A concerning set of allegations have been levied against the United Aviate Academy, an in-house flight training school at United Airlines.
Concerning Allegations Suggest Trouble At Showcase United Aviate Academy
In February 2020, United acquired its own flight school, called the United Aviate Academy. The plan was to train 5,000 pilots by 2030, all of whom would be guaranteed a job at United and half who would be women or people of color.
Yet as we enter the second half of 2023, a detailed post on Reddit purportedly posted by a student or student advocate at the United Aviate Academy (UAA) suggests that the people running UAA may need more accountability. Let’s examine the note:
So remember United’s “revolutionary” flight school The United Aviate Academy? Yeah well, it’s kind of an absolute dumpster fire.
What could go wrong when you put a $17 billion airline in charge of a large flight school? Well apparently literally everything.
The school is riddled with problems.
They have hundreds of people who have been accepted that are waiting for class dates but they are currently bringing in 10-15 students per month and even skipping some months.
They are incredibly behind on their training timeline. Everywhere they state that this is a 12-month program, 0-MEI [Multi-Engine Flight Instructor], but in reality, people are taking over 18 months just to finish CFI [Certified Flight Instructor].
Another example of training delays, people at the academy are currently taking over 5 months to finish their PPLs [Private Pilot License]. Of a class of 16 that started Q1 2023, only 4 have taken their PPL check-ride as of the end of June.
Instructors are incredibly overloaded, some instructors have as many as 11 students, and remember, these are all full-time students. Students are promised 5 flights per week but are often capped at 2-4 because the instructors cannot legally fly enough.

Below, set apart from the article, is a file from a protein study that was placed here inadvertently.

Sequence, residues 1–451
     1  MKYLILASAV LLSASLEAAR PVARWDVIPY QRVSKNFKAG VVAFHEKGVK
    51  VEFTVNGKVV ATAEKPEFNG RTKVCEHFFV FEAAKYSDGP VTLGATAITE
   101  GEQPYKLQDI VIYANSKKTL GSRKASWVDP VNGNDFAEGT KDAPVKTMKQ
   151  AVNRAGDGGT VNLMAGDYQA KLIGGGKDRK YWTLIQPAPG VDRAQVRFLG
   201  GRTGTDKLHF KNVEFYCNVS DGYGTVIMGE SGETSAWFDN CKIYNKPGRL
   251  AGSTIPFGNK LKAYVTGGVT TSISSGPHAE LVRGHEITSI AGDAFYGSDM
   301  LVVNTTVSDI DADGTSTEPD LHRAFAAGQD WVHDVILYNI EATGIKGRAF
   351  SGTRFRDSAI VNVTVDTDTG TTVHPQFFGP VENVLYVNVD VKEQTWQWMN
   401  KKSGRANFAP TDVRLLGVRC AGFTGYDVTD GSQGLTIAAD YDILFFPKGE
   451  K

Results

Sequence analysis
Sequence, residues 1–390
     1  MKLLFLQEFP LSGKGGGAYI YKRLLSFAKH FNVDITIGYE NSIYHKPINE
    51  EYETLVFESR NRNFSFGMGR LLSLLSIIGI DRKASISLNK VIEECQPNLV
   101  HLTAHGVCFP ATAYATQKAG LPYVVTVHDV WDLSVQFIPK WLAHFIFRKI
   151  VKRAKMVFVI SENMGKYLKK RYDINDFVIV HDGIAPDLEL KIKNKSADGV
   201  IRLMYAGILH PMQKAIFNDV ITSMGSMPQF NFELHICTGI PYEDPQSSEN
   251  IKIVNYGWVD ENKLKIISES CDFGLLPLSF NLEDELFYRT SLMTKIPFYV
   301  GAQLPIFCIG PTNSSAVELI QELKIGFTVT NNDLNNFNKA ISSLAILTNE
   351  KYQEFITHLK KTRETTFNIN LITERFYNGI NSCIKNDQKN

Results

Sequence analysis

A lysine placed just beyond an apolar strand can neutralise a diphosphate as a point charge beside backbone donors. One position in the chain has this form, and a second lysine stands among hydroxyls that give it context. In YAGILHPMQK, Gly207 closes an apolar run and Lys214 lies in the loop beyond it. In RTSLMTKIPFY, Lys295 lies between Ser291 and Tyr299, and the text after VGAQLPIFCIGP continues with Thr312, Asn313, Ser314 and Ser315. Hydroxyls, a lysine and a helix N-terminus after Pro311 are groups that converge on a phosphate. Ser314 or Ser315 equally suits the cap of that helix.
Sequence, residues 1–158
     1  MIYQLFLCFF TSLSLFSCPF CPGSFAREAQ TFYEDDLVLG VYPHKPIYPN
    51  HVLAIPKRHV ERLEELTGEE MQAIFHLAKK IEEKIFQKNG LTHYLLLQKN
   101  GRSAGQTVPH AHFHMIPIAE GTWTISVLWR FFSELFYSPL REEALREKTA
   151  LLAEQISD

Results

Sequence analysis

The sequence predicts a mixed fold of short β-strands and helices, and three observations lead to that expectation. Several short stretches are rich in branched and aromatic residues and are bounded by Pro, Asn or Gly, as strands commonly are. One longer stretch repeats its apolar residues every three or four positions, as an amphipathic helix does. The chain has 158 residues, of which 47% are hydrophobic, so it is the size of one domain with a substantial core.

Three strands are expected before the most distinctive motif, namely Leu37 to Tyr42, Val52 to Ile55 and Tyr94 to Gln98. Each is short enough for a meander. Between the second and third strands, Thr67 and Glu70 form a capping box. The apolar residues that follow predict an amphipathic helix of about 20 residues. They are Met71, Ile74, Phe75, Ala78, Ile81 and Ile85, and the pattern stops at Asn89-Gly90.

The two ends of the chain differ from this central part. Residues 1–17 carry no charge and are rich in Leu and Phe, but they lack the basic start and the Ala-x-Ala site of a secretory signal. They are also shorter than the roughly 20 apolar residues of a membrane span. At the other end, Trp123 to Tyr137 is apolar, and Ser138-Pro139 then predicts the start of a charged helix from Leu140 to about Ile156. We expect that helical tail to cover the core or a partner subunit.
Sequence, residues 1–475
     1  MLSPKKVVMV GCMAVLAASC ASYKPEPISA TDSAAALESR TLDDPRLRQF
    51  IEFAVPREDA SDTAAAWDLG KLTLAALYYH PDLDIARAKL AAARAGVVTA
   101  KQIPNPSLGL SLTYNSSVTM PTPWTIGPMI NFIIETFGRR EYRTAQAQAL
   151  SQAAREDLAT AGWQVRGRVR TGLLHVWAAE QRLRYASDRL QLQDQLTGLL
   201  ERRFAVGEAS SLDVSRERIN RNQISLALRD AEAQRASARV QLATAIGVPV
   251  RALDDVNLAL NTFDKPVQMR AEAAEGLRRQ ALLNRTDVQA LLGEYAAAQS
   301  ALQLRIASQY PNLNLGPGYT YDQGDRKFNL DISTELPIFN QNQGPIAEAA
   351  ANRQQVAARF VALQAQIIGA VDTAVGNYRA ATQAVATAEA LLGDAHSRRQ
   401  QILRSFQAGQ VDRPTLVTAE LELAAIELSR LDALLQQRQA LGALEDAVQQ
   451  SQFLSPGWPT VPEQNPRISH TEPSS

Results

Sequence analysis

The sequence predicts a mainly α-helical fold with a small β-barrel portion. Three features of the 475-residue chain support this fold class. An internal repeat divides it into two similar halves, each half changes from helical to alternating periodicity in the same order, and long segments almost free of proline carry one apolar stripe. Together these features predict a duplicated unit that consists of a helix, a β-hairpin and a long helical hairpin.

Speaking of overloaded instructors, management pushes CFIs to their limits but also watches their every move and any minor wrong step like flying to much with certain students has gotten CFIs fired.
People are having to wait up to a month in between certificates due to instructor overload.
They are not hiring their own graduates but are starting to hire externally.
Management is trying to hide all the problems. For example; they are having “graduation ceremonies” for those who finish CPL [Commercial Pilot License] (even though the program doesn’t end until you finish all your CFI certificates) in order to make them look on time since people are taking 12-13 months just to finish CPL.
UAA fosters a culture of intimidation. Many students have been let go after speaking out or complaining to hire-ups for vague reasons, and therefore students currently at the school are too scared to speak out. School management constantly has all eyes and ears open for any sign of dissent or criticism and is looking over everyone’s shoulder.
Despite all these issues, United Aviate Academy management is currently having internal casting calls for a prime-time commercial that will be airing nationwide. I think that show’s where the school’s management’s priorities lie.
At this point, I am convinced that United doesn’t care about flight training at all and United Aviate Academy is just a poster child for its “good leads the way” marketing message because whenever they talk about the school they only talk about how many women and minorities are at the school but never discuss any actual flight training accomplishments or achievements.
I speak today on behalf of many UAA students who unfortunately cannot speak about this openly for the above-stated reasons. Hopefully, if someone is considering this school they will see this and think otherwise, and also maybe this info getting out there will foster some change at this school.
(bolding not mine)
The concerns are quite alarming and have nothing to do with the initial controversy over the affirmative actions aims of the school. Numbers 9 and 10 are particularly concerning, as a house built on optics rather than substance will ultimately collapse.
We will update this story if we hear from United Airlines, but it appears that even if there are some exaggerations above, more resources must be invested in this school if it is to be successful. United must carefully vet those who are leading it to ensure that this is not a vanity project, but a meaningful program to funnel well-trained pilots to United in the years ahead. Students, current pilots, and customers all deserve this.